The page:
In 1930, a disarmament conference was held in London in an effort to reduce the chances of war between the world’s leading naval powers. King George V gave the opening address at the conference, which was relayed by radio to the United States. However, as his speech was about to begin, a cable broke in the New York radio station, leaving millions of listeners without a sound. A junior mechanic at the station, recognizing the importance of the moment, solved the problem by picking up both ends of the cable, allowing 250 volts of electricity to pass through him. This did him no lasting harm, but did allow the king’s message to flow through him and reach millions of listeners (Nelson’s Complete Book of Stories, Illustrations, & Quotes, p. 784). Few of us will be called to do anything quite that dramatic or hair-raising, but all of us are expected to let God’s truth and grace flow through us—for it’s entirely possible that our encounter with someone may be the only opportunity he or she has to see the Gospel in action, and the only time that person experiences a personal invitation to turn to Jesus.
We must urge others to listen to God, as Eli instructed Samuel to do. We must live by high moral standards, as Paul reminded the Corinthians. We must imitate John the Baptist by pointing out Jesus to others; we must also have the courage to follow the Lord, as the two disciples did, and then we must share our personal knowledge of Jesus, as Andrew did with his brother Peter. These are all ways of evangelizing, or sharing our faith. Our good example, our simple acts of kindness, our prayers for those who do not believe, can all make a difference in someone else’s life; our genuine concern for our neighbor, our efforts to help those in need, and our willingness to respect the dignity of everyone we meet, can bear witness to Jesus’ presence in the world.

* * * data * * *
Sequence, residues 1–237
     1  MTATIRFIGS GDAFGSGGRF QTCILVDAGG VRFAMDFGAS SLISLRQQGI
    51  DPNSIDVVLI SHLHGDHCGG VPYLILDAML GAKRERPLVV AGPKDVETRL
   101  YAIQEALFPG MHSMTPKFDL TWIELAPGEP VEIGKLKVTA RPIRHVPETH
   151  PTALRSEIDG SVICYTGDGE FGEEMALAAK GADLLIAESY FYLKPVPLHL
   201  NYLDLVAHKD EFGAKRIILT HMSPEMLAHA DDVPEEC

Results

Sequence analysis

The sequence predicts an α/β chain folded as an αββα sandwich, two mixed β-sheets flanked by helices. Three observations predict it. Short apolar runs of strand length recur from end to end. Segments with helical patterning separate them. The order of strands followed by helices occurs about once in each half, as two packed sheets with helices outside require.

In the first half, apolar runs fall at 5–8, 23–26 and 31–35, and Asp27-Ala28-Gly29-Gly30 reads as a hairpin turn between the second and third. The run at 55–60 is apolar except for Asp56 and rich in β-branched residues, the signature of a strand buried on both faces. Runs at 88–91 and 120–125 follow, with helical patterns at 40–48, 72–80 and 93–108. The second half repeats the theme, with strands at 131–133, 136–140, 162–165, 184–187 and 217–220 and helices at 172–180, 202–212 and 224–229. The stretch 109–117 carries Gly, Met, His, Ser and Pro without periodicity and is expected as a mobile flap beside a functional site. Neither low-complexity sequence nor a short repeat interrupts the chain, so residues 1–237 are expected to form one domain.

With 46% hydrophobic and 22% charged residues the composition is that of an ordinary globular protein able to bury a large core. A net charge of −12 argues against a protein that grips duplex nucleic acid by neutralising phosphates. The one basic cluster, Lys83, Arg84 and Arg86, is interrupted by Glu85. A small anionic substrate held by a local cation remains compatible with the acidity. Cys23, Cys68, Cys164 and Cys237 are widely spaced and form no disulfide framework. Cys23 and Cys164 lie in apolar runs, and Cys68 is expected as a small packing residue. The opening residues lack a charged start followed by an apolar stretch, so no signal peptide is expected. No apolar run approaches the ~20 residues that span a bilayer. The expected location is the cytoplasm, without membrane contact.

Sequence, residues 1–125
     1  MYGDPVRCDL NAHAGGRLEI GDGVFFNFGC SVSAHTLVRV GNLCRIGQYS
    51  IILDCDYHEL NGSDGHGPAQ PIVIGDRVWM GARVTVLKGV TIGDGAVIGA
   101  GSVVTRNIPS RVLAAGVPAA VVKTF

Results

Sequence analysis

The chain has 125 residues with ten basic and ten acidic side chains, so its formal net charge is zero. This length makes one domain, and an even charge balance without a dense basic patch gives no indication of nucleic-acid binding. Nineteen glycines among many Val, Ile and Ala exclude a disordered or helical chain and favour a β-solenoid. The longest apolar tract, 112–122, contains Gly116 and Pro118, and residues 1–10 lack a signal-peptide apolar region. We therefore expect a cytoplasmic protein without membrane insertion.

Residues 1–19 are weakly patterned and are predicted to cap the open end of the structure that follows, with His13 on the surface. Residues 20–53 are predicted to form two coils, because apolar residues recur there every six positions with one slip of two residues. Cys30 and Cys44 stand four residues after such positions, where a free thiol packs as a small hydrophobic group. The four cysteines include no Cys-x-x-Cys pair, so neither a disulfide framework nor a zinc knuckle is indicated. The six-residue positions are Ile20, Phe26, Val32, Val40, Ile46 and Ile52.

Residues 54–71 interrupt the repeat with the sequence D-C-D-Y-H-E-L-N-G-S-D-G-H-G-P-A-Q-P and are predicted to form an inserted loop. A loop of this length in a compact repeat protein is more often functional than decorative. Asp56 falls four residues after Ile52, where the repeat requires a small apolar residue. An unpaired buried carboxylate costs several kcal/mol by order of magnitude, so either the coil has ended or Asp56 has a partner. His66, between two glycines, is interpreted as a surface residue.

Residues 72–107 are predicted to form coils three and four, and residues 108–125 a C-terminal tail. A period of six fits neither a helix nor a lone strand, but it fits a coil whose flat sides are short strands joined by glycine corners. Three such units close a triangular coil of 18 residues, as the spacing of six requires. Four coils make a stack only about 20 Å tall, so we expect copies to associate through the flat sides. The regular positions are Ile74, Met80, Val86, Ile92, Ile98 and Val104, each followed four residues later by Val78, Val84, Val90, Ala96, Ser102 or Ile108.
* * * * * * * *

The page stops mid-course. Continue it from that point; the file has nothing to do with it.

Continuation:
It must have made Sally’s day when the retired ticket collector thanked her for her Christian example. It will be a far more wonderful experience for us if someone comes up to us in Heaven and says “Thank you for your Christian witness; it’s one of the reasons I’m here now”—that will certainly be a joy that lasts for all eternity. God’s Good News is meant to be shared. If we refuse to do this, we’re being selfish, but if we want others to know Jesus as we do, we’re showing that He truly is our Master and Lord.
REVEREND JOSEPH M. ESPER is a priest of the Archdiocese of Detroit and pastor of Immaculate Conception parish in Anchorville, Michigan. He received his Master of Divinity degree from St. John’s Provincial Seminary in Plymouth, Michigan. Through the years, Father Joe has lectured at Marian conferences, appeared on EWTN, spoken on Catholic radio, and written more than a dozen articles for This Rock, The Priest, Homiletic and Pastoral Review, and other publications. He is also the author of numerous books, including Saintly Solutions, More Saintly Solutions, After the Darkness, Lessons from the Lives of the Saints, and Why Is God Punishing Me? In addition to Amazon, many of his most recent books are available through Queenship Publishing.